The Man Who Knew Infinity packs about the same amount of creative insight and dramatic conflict as the average encyclopedia article.

The Man Who Knew Infinity An encyclopedia article masquerading as a film
Features Entertainment Friday, April 29, 2016 - 19:05

Early in The Man Who Knew Infinity, when Srinivasa Ramanujan (Dev Patel) finds out that he’s being offered the chance to work with GH Hardy in Cambridge, a short argument ensues between him and his wife Janaki (Devika Bhise).

When it starts you expect Janaki to build herself up to a proper tirade about being left behind 6,000 km away when the two have just started living together. But the argument ends even before it begins, much like every instance when Janaki’s emotions threaten to come to the fore. At each instance, the camera lingers on her for a few seconds, long enough for a dialogue or two and then she’s gone.

And it’s not just Janaki. Almost every character and situation in the narrative appears only long enough to make a point or two of social description, often with the most banal dialogue. Ramanujan’s mother is just close-minded enough to raise the fear of losing caste at the start of the film. And later, she is just proud enough to celebrate his first publication but perfunctorily concerned that she will lose her son to a foreign land. Racist opponents that Ramanujan faces appear only long enough to beat him up once, and yell at him to go back to India at regular intervals.

Even his benign supporters don’t have much to do but smile slightly patronizingly and offer Hardy platitudes about “letting Ramanujan run”, instead of shackling him with university standards of rigour.

Never mind, you might think. After all, the Ramanujan story is centrally concerned with his relationship with mathematics and Hardy, the man who opens up this world for him. But Jeremy Irons, who tries to play Hardy with a stiff-upper-lip indifference to Ramanujan’s everyday hardships, seems to have phoned his role in. Thus, what could have been a ripe confrontation between the atheist, unsocial Cambridge don and the caste-conscious, god-fearing family man ends up passing by in a series of missed encounters.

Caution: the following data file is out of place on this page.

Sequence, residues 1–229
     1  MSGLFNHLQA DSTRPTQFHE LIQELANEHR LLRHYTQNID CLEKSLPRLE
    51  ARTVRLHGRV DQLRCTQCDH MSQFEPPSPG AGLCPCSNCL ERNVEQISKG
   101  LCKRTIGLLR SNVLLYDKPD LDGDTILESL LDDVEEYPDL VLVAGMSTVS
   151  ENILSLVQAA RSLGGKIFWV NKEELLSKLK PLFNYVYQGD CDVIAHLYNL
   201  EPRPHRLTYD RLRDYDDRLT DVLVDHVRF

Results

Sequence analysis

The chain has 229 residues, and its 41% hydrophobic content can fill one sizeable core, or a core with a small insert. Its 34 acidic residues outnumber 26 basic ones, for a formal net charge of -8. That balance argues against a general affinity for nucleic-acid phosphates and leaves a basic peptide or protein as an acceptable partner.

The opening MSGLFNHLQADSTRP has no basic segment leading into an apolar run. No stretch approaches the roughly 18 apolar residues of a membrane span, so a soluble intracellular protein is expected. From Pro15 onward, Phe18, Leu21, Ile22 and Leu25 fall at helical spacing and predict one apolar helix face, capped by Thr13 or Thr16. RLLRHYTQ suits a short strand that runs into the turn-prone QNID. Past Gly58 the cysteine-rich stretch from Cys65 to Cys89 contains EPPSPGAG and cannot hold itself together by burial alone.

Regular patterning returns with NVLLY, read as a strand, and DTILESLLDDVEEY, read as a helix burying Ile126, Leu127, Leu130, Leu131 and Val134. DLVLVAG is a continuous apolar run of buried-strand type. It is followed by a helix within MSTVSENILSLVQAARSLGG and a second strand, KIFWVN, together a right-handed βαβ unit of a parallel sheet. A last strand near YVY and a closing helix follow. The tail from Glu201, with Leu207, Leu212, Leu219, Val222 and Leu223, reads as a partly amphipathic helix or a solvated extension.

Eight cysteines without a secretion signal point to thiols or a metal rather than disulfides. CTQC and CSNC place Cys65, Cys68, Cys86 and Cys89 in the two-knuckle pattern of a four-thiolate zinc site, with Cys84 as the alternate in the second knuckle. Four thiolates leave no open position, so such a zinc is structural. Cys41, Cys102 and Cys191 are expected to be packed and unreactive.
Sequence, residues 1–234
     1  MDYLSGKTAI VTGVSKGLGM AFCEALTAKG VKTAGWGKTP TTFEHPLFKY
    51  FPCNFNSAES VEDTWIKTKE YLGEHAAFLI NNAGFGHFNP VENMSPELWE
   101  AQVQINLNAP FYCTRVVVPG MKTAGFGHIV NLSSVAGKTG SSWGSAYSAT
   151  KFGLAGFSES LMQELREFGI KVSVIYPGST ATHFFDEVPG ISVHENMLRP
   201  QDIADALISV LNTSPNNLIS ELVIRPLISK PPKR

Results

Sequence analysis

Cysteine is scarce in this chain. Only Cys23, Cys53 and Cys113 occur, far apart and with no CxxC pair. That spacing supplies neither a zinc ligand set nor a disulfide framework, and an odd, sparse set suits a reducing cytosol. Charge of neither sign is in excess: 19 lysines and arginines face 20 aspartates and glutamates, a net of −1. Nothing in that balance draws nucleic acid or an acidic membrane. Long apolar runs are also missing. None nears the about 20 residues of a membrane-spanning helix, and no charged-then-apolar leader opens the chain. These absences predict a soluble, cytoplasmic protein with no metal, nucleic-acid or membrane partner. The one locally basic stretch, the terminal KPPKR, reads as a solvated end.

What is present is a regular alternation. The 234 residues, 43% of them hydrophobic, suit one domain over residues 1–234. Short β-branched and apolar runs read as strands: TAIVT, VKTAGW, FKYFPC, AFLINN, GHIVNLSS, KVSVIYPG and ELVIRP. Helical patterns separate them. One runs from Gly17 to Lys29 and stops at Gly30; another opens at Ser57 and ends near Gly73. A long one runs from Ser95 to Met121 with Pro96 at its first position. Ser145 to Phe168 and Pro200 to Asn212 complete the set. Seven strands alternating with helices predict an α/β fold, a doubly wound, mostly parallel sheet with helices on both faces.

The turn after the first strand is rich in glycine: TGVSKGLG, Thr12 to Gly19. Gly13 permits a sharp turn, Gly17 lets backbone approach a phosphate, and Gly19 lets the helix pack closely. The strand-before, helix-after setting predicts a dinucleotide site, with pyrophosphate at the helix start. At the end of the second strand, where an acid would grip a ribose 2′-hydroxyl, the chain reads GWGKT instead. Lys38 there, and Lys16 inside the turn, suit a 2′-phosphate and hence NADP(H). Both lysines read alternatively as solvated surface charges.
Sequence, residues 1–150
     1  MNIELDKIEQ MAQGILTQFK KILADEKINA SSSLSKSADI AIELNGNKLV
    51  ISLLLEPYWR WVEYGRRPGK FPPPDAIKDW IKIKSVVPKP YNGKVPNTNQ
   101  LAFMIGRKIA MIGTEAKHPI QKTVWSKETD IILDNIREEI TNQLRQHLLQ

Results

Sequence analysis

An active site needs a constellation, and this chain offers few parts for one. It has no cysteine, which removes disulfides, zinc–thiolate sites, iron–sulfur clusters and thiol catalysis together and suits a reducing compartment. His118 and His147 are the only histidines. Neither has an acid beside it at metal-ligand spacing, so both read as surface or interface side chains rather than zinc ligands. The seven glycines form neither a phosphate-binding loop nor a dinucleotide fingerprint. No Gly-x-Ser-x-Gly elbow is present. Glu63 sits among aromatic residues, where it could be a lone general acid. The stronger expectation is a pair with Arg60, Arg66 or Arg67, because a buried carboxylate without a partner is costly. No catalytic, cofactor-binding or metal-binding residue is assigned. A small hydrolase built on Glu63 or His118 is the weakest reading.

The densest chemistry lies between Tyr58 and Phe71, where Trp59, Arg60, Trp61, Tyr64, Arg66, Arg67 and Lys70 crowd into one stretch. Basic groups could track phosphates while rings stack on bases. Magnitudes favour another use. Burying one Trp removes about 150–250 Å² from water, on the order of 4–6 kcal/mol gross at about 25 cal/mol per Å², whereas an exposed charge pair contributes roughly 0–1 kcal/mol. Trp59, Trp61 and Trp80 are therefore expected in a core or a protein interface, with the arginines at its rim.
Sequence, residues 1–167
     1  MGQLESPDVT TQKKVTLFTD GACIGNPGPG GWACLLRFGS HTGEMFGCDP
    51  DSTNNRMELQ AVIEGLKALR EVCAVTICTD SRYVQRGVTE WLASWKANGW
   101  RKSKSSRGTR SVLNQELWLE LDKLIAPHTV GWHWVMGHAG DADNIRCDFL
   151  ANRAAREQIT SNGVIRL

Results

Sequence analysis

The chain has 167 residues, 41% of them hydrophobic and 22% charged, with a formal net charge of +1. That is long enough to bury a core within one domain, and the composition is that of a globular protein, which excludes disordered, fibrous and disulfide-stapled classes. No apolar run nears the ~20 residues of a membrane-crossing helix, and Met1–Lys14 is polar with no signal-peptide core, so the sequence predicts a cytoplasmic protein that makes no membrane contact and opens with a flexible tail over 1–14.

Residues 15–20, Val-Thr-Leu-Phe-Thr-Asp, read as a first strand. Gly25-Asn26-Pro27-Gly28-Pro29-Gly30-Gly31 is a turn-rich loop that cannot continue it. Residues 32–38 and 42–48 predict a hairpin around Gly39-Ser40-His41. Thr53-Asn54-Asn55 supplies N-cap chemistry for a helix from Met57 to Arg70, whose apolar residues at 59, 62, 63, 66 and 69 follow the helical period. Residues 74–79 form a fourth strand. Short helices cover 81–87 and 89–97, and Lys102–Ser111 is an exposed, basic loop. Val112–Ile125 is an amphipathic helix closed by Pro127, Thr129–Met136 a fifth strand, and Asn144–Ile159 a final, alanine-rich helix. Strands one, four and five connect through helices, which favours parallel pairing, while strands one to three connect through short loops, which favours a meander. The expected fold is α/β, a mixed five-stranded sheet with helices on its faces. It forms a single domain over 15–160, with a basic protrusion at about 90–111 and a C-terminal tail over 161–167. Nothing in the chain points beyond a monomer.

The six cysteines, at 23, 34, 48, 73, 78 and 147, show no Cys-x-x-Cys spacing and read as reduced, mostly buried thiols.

And let’s not even talk about the way mathematics appears in the film. For a film about a mathematician, there is little real thinking about what numbers mean when they become a lifelong obsession. Instead, we are given one analogy about Ramanujan’s intuitive approach to mathematics being much like an artist’s approach to his art. Another about Ramanujan being a man for whom each whole number is a friend.

And Ramanujan himself says that mathematical formulae come to his mind because god puts them there. It is very possible that Ramanujan himself thought that mathematics expressed a truth of god. But for a film nearly a century later to simply repeat that thought without even the slightest bit of reinterpretation is laziness of the worst order.

At the end of the 108-minute runtime, I leave the theatre wondering if I would not have been just as informed, and entertained (and I use the term loosely) by simply reading the Wikipedia article about Ramanujan. After all, The Man Who Knew Infinity packs about the same amount of creative insight and dramatic conflict as the average encyclopedia article. 


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